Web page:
Then the grape varieties that are particularly complimentary are mixed together in a vat where the fermentation will take place.
Several successive tastings will help determine the best moment for the devatting: the free run wine is then drawn off by gravity and poured into vats for the malolactic fermentation. It is in this way that the wine will begin to evolve either in 16th century stone tanks, or in some cases, in large wood barrels."
Was our second stop after lunch.
French Husband, Vlad and Denise carried a lively conversation with the owner.
I twirled, breathed in, thought of flavors that spoke of fruits, swished the wine in my mouth and drank.
Falling in love with wine tasting.
"Domaine du Vieux Telegraph, is the family background, the heart, but also the flag bearer, the flagship Vineyards Brunier. Located since its origin in the plateau of La Crau, South East Chateauneuf du Pape appellation, the vineyard has grown, developed and matured on this huge gravel terrace giving it its character, generation after generation. Of the 70 acres that make up the area today, 65 are dedicated to Châteauneuf du Pape red and 5 white. Only 4 wines are produced: Old red and white Telegraph, from the oldest and most complex wines vineyards, and Red and White Telegram, representing the second Vineyards wines Brunier AOC Chateauneuf du Pape. The cellars are located on the highest point, but 2 km to the south, at the foot of the plateau, at a place called The Pigeoulet, where it was more natural to dig into the rock formation to create the cellars , and enjoy the soil cutting for gravity delivery of harvests. For over a century, the Brunier family product in these places Chateauneuf du Pape red and white strongly influenced by their terroir wall behind which it can protect its vintages assaults of modernity excessive." Via Lavinia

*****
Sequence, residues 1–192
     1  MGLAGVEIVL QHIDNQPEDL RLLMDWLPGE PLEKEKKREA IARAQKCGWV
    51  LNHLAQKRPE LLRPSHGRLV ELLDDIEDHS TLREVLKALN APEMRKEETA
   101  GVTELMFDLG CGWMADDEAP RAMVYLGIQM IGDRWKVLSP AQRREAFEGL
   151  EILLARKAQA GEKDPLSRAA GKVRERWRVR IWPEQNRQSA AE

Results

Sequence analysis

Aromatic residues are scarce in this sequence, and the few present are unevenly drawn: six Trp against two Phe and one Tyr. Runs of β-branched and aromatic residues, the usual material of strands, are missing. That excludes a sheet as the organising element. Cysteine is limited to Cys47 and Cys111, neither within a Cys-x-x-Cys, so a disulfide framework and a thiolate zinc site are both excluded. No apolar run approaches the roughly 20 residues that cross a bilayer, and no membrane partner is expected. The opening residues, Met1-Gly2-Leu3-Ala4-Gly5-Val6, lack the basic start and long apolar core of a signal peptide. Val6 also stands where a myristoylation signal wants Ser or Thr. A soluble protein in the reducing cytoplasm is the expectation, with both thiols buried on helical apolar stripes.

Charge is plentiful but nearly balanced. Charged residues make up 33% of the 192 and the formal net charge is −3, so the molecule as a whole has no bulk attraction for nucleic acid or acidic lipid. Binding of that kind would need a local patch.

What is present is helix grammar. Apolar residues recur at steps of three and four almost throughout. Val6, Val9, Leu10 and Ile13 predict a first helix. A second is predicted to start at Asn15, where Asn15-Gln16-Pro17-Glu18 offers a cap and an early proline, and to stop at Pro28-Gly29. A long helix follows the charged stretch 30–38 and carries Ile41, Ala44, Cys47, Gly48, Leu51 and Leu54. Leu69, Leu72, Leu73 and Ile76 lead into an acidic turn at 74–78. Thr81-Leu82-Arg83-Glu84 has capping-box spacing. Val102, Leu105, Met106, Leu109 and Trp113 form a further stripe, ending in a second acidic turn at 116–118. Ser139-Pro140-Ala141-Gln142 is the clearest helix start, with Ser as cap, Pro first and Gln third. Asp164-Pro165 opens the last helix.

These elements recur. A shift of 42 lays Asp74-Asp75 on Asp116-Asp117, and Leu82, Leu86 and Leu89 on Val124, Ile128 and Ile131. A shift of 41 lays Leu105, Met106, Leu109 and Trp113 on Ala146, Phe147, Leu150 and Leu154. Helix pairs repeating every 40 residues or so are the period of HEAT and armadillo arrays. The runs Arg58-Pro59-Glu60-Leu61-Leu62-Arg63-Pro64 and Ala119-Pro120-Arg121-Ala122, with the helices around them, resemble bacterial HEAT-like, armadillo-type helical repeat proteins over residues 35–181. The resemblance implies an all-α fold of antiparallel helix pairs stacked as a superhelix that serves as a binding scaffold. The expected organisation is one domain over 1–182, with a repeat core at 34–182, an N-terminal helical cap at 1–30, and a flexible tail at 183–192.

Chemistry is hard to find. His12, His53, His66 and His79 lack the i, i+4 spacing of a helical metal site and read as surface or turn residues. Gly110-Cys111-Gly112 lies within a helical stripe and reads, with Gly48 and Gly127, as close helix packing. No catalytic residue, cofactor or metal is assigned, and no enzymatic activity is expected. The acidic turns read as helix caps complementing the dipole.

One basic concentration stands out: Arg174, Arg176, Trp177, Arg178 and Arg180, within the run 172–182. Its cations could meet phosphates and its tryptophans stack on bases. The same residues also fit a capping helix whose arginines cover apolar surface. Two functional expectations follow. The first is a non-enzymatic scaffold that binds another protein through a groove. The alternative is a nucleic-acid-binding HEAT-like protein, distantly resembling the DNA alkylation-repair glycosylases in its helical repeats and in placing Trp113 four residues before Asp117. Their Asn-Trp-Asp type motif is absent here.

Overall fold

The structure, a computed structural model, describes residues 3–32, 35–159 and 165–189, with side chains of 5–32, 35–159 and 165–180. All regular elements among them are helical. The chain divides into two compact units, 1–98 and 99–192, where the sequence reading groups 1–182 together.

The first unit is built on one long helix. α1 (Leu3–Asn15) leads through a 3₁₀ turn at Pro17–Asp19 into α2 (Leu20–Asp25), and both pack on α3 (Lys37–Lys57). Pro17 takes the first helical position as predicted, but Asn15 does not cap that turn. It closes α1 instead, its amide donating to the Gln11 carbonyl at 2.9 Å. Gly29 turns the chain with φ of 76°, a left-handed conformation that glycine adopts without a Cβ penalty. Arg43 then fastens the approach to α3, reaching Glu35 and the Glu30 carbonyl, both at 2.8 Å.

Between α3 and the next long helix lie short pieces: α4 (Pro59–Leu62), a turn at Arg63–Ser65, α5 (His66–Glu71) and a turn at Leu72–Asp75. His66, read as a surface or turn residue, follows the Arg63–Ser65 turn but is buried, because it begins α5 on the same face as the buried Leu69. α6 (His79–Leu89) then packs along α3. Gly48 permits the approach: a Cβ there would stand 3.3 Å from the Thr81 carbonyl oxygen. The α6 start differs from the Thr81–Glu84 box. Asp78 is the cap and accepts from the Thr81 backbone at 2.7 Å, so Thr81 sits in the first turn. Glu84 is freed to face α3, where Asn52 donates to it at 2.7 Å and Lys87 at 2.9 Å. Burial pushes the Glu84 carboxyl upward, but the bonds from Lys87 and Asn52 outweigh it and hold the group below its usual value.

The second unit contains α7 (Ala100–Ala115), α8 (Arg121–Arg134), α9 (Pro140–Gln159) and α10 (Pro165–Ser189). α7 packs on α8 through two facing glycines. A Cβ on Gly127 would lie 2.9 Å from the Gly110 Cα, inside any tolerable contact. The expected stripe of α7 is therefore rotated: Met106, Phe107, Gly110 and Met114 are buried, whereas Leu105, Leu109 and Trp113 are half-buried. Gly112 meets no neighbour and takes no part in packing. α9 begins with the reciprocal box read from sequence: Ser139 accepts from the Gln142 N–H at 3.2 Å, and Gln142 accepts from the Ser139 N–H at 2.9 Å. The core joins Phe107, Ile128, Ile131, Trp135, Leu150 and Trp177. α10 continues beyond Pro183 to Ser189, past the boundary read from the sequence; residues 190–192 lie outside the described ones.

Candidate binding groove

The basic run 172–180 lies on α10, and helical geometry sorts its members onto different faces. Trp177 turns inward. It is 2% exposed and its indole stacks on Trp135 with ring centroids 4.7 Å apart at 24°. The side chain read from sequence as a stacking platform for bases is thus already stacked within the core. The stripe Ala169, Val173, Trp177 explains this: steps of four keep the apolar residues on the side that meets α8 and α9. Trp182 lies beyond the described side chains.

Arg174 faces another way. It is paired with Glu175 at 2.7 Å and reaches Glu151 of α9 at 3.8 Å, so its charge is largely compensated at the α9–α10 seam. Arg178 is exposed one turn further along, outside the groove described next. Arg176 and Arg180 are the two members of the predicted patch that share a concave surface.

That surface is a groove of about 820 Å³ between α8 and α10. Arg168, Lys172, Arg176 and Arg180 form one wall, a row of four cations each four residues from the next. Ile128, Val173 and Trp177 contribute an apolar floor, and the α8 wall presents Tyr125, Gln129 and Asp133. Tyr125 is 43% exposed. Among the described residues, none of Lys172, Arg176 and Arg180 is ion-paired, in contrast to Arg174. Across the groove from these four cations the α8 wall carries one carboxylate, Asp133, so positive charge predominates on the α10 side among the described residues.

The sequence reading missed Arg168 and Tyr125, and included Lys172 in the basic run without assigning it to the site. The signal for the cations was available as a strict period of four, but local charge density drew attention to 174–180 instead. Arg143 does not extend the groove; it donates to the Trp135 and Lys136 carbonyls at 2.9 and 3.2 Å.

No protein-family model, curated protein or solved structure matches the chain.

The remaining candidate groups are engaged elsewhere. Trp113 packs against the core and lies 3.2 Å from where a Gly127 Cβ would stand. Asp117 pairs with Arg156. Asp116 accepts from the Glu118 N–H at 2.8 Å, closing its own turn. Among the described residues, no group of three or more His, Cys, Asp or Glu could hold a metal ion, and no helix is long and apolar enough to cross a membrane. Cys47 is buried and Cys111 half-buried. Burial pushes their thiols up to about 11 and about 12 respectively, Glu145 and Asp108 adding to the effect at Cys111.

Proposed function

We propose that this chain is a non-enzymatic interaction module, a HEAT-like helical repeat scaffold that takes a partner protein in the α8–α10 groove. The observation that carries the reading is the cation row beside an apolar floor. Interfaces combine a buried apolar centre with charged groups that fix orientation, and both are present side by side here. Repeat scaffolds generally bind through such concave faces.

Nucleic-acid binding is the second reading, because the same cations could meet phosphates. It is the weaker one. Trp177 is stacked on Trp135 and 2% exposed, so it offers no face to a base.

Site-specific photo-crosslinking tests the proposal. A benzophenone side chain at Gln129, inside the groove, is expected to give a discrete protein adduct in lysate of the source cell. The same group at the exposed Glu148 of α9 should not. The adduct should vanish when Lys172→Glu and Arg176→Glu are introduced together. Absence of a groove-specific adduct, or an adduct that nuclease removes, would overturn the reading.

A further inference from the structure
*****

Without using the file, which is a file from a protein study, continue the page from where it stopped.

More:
What do you prefer?
Coffee with a shot of Kahlua
I prefer red.
From the descriptive words used by the wine makers it seems I prefer wines that are:
Feminine and gourmandise.
Gourmandise sounds better in French then Gluttony in English.
So much goodness in one day.
"Le Clos du Caillou is ideally located in the municipality of Courthézon. It consists of 44 hectares in Côtes du Rhône, and 9 ha in Châteauneuf du Pape. Le Clos has the distinction of being located on the edge with the appellation Châteauneuf du Pape." via Le Clos du Caillou.
"The Clos du Caillou , run with passion by Sylvie Vacheron, is a winery located in the municipality of Courthézon, and spans 53 hectares appellations Cotes du Rhone and Chateauneuf du pape . The vineyards of Clos du Caillou enjoys an exceptional soil composed mainly of pebbles and sand filters. Vineyards Clos du Caillou are worked in accordance with nature: organic fertilizers and composts, regular plowing without use of herbicides, handpicking. Rigor that allows the field of Clos du Caillou get impeccable quality of grapes and develop some of the best nectars of the Southern Rhône Valley." Via 1 day I wine